Petal goenbueliya (Hohenbuehelia petaloides)
- Division: Basidiomycota (Basidiomycetes)
- Subdivision: Agaricomycotina (Agaricomycetes)
- Class: Agaricomycetes (Agaricomycetes)
- Subclass: Agaricomycetidae (Agaricomycetes)
- Order: Agaricales (Agaric or Lamellar)
- Family: Pleurotaceae (Voshenkovye)
- Genus: Hohenbuehelia
- Type: Hohenbuehelia petaloides (Hohenbuehelia petaloid)
- Oyster mushroom ground
- Earthen mushroom (Ukrainian)
- Pleurotus petalodes
- Geopetalum petalodes
- Dendrosarcus petalodes
- Acanthocystis petalodes
- Recumbent petalodes
- Pleurotus geogenius
- Geopetalum geogenium
- Dendrosarcus geogenius
- Acanthocystis geogenia
Актуальное название: Hohenbuehelia petaloides (Bull.) Schulzer, Negotiations of the Zoological-Botanical Society Vienna 16: 45 (1866)
Hohenbuheliya petaloid differs in a rather distinct, memorable form, which is reflected in the name. Its “petal” shape often makes the mushroom look like a shoe horn with the plates out or a funnel rolled up. Other distinguishing features include fairly frequent whitish plates, a white imprint of spore powder, a mealy smell and taste, and, under the microscope, magnificent “metuloids” (thick-walled pleurocystidia). This Goenbuelia often appears in groups in urban, suburban, or even domestic settings, and is often associated with woody debris (although it usually does not grow directly from dead wood) or cultivated soil.
This species is clearly out of luck.
Not only does it have a bunch of synonyms, it’s not enough that there are two spellings: Hohenbuehelia petaloides and Hohenbuehelia “petalodes” (without i). Added to this was the problem of translating the spelling and pronunciation of the letters “H” and “U” into languages using the Cyrillic alphabet. “H” at different times was transcribed as “G” or as “X”, and in some cases it was completely omitted, “U” in the open syllable was transcribed as “U” or as “Yu”.
As a result, we have the spellings of the long-suffering Hohenbuehelia that have accumulated over time:
head: 3–9 cm in diameter, usually shoehorn or funnel-shaped, but sometimes oddly shaped, may be fan-shaped and lobed.
The edge of the cap is first bent, later straightens out, and may be slightly wavy. The cap surface is sticky to moist when fresh, rather smooth and bald, but sometimes with fine white down, especially in young specimens. The color is dark brown to grayish brown at first, fading to pale yellowish brown or beige, often with a darker central area.
plates: strongly descending, very frequent, with numerous frequent plates, narrow, finely pubescent along the edges. The color of the plates is whitish, becoming dull yellowish, yellowish-ocher with age.
Leg: there is, but it is difficult to determine exactly, since it looks like an extension of the hat. Leg height 1–3 cm, thickness 3–10 mm. Eccentric, cylindrical, may taper slightly downwards, solid, hard-fibered, ribbed (due to vanishing plates). Color from brownish, grayish brownish to whitish. Where the plates end, the leg is bald or slightly pubescent in the lower part, a white basal mycelium is visible at the base of the leg.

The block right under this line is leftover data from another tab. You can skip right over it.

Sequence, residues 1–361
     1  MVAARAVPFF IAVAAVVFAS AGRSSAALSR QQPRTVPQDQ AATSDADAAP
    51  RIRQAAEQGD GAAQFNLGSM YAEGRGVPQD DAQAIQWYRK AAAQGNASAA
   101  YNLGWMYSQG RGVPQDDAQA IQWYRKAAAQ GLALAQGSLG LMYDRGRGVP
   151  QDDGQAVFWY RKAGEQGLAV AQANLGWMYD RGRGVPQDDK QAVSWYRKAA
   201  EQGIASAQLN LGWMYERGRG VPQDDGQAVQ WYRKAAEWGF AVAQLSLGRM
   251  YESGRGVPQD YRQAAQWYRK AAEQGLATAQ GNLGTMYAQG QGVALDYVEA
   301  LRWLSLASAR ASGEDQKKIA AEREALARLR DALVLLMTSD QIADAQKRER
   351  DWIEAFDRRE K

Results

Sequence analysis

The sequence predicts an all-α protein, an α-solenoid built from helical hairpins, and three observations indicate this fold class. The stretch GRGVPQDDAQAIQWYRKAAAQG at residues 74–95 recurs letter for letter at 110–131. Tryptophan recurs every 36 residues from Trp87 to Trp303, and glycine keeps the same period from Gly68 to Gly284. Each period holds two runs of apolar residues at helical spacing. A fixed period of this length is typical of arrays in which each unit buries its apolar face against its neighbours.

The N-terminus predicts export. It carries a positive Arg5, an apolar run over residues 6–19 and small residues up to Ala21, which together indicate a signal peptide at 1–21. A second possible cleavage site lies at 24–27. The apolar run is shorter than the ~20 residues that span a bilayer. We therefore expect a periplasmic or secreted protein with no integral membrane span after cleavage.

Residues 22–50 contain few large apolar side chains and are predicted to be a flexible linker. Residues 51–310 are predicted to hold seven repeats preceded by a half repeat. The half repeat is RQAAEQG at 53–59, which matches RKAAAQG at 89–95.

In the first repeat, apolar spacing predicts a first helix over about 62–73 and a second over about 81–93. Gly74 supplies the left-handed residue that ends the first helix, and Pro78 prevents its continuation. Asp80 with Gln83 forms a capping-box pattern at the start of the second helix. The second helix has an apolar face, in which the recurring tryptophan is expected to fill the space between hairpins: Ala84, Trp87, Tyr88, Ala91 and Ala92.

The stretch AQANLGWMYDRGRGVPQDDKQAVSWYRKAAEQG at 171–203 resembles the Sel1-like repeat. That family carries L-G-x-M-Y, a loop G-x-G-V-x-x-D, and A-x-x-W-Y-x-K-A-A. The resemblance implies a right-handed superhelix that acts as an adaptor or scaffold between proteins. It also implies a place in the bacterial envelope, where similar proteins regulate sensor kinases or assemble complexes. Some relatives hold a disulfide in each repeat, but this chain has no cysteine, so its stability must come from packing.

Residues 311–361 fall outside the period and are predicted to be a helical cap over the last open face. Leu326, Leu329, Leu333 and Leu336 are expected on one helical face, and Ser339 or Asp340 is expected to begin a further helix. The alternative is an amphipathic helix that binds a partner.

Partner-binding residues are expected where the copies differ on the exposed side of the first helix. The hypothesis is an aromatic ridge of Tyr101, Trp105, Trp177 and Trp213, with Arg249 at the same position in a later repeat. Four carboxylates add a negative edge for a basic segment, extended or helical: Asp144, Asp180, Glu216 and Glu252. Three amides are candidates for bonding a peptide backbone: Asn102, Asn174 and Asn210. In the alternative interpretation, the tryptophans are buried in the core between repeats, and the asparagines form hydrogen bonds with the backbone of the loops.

Pulp: whitish, elastic, hard with age, does not change color when damaged. Under the skin you can see the gelatinous layer.
Smell and taste: weak floury.
Chemical reactions: KOH on the cap surface is negative.
spore powder: White.
Spores 5–9 (-10) x 3–4,5 µm, ellipsoid, smooth, hyaline in KOH, non-amyloid.
Cheilocystidia spindle-shaped to pear-shaped, capitate, or irregular; up to about 35 x 8 µm.
Abundant pleurocystidia (“metuloids”); lanceolate to fusiform; 35–100 x 7,5–20 µm; with very thick walls; smooth, but sometimes forming apical inlays (sometimes difficult to see on KOH mounts, but visible on lactophenol and cotton blue); hyaline with ocher walls in KOH.
Pileipellis is a thin, cuti-like tangle of elements 2,5–7,5 µm wide with scattered interspersed pyleocystidia over a thick zone of gelatinized hyphae.
There are clamp connections.
Saprophyte, grows singly or in groups, on the ground, often in close proximity to woody debris. Quite common in gardens, parks, lawns (etc.) or even in pots – but also happy to grow in the woods.
Summer and autumn. Goenbueliya terrestrial grows in Europe, Asia, America.
A conditionally edible mushroom with an inexpressive taste and very hard pulp.
Ear-shaped lentinellus (Lentinellus cochleatus)
may seem very similar, but it grows directly from the tree, it has serrated edges of the plates and a well-defined stem.
Oyster Oyster (Pleurotus ostreatus)
Hohenbuehelia petaloides differs from this and other similar oyster mushrooms in the presence of a gelatinous layer, pubescence on the plates and growth not from logs.
Tapinella panusoides (Tapinella panuoides)
it can, like Goenbuelia petaloid, grow on wood chips, but Tapinella has almost no legs and the whole mushroom is in yellowish tones, the plates are easily separated from the cap. Tapinella has yellowish brown to pale yellow spores.
There is an assumption awaiting verification and confirmation that two closely related species of Hohenbuelia grow in Israel – Hohenbuehelia geogenia and Hohenbuehelia tremula – differing in some microscopic signs and habits of growth – the first likes to grow in deciduous, mainly oak, groves, and the second – in coniferous. Perhaps the spice we find in pines and cypresses is actually Hohenbuehelia tremula.
The article uses photos from questions in the Recognizer.